I’m in the ideas business. If we don’t give our readers and subscribers interesting, compelling, money-making ideas, we don’t have a business.
And though you may not know it, you’re probably in the ideas business too. Maybe you can get by doing what you’ve always done. But whether you’re a doctor, hawker centre vendor, retiree, driver, or lawyer, there’s always – and I mean, always – going to be a better (more efficient, more profitable, easier, faster) way of doing what you’re doing now.
And that takes ideas… lots of them.
I look at money and investing – so I’m going to tell you three ways that I look for new ideas about investing. But you can use the strategies below to come up with all kinds of ideas.
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Idea generator #1: What are people selling?
I’m talking about stocks… but this can be anything. What are people dismissing/getting rid of/talking about like it’s yesterday’s thing?
People sell a stock if they think their money can be put to better use. But if everyone thinks the same way, that opens the door to a contrarian opportunity. After all, everything has a price – and even a lousy company can be a great stock if it’s cheap enough.
And also… sometimes share prices fall simply because everything is falling. One of the best places to look for good investment opportunities is in lists of stocks that have fallen sharply – of companies that are fundamentally strong and growing.
That’s especially the case when entire markets are sold off (like China last year, and especially in December) because of concerns like a slowing economy and the U.S.-China trade war… even though lots of companies were not at all affected by those issues. Buy the baby when he’s tossed out with the bathwater.
Idea generator #2: Look at old ideas
Following a stock – or any asset, for that matter – is like following a real, live, evolving story. When you research a company (or, say, a piece of real estate… or even a used car), you’re looking back at past chapters to see how it got to where it is today… what went right and what went wrong… who owned it or managed it… and what made it what it is today.
Let’s say we buy the stock (or the house, or whatever asset we’re talking about). Then we become part of its story, and it becomes part of our story. And then, at some point, we sell it – maybe we need to raise cash, or a new shiny object caught our eye, or the price hit our price target (or stop loss). (Or maybe we don’t buy it… but we’ve still put a lot of time into it, and kind of understand it.)
So then, is that it? Out of your life forever? It shouldn’t be.
One of my favourite sources of new ideas is… old ideas. If I’m already familiar with a story – the story of an asset, the evolution of where it came to be where it is now, management, history, share price action – keeping up with it is pretty easy. And give it a cycle or two, and the price might become right again.
One guy who was very good at this was billionaire investor Kirk Kerkorian, who invested in casinos, car makers, aircraft manufacturers and movie studios. Kerkorian bought and sold movie studios MGM and United Artists three times over a 26-year period. He made hundreds of millions of dollars each time, as he bought unwanted assets, made them more attractive, found a buyer… rinse and repeat.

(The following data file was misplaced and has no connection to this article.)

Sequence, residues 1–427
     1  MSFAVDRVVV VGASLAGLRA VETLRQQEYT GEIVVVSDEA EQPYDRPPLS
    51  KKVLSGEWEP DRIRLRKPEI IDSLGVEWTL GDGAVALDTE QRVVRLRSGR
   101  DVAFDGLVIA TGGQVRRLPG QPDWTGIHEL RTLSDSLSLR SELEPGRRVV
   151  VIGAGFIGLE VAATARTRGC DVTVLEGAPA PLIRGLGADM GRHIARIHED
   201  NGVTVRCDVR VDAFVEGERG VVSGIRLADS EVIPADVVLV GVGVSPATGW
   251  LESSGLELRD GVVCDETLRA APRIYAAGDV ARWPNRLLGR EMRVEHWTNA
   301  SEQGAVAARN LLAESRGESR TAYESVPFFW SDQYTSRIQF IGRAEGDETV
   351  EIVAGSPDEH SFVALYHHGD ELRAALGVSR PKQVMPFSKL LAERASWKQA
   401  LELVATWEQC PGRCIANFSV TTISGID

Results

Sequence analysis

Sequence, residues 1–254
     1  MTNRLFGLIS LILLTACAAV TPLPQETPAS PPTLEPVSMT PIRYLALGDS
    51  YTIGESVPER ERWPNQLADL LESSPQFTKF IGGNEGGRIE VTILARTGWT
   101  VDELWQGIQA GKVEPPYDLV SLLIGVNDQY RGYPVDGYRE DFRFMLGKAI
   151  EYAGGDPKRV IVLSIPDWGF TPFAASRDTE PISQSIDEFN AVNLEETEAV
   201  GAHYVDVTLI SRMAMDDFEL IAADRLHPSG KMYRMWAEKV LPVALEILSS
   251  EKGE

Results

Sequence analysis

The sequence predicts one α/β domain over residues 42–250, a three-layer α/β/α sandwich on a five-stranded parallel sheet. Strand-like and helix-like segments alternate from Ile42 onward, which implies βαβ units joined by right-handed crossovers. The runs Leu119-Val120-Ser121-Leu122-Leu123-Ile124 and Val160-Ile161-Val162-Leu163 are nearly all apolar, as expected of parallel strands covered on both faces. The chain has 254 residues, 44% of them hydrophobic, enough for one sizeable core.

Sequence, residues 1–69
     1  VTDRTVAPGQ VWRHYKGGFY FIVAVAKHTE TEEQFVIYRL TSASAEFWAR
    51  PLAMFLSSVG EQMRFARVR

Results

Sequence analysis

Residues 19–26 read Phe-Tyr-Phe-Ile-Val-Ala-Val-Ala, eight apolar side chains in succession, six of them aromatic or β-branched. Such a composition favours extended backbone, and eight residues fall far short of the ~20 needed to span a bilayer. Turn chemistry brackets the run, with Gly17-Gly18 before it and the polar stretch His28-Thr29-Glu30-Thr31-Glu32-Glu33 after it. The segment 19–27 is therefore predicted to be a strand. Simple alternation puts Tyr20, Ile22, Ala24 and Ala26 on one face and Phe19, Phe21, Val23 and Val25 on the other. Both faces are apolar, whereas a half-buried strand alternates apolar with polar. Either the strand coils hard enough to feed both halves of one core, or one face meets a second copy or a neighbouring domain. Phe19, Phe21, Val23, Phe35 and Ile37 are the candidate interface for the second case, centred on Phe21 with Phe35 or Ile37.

This is a lot easier with stocks. Over 30 years of investing, I’ve built up a big library of stocks that I’m familiar with – some more than others, but all of which I can get back up to speed on quickly if there’s possibly an opportunity. That’s one of the first lists I go to when I’m looking for new ideas.
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Idea generator #3: Question what you “know”
The way we understand the world is through models of how we experience what happens around us. We make decisions and behave according to how we’ve understood things to work in the past. We cross the street, make a hard-boiled egg, tell our kid to do his math homework, vote, buy a stock and do everything else based on these models.
But these models – which are really assumptions built on each other – aren’t always right. In fact, they often aren’t. (One of the best things about traveling is having those assumptions questioned… all the time.) That’s one of the ways that we learn.
What if you made a point of challenging those assumptions… all the time? What if Donald Trump actually has a point in his trade war with China? Or if there actually is something to this whole cryptocurrency thing? Or if a country in the midst of a slow-motion demographic crisis is actually thriving, busy and booming?
Assume the opposite of what you “know” and try it on for size. You might come up with a great idea.
Idea generator #4: Ask questions like there’s no one judging you
The best way to question what you “know”? Talk to people who “know” things that disagree with what you think you know.
And when you talk… don’t disagree. Instead, ask questions and listen. The worst thing is that you might learn something new.
The brother-in-law who’s a physicist and doesn’t know how to talk about anything else? Great. The guy who lives down the street but whose political beliefs sound like they’re from Mars? Talk to him. The stock analyst who focuses on the sector of the market that absolutely puts you to sleep in two seconds flat (my sleeping pill: industrials)? Have a double espresso and open your ears.
So… I’m off to come up with new ideas. Sometimes you should too.
Publisher, Stansberry Pacific Research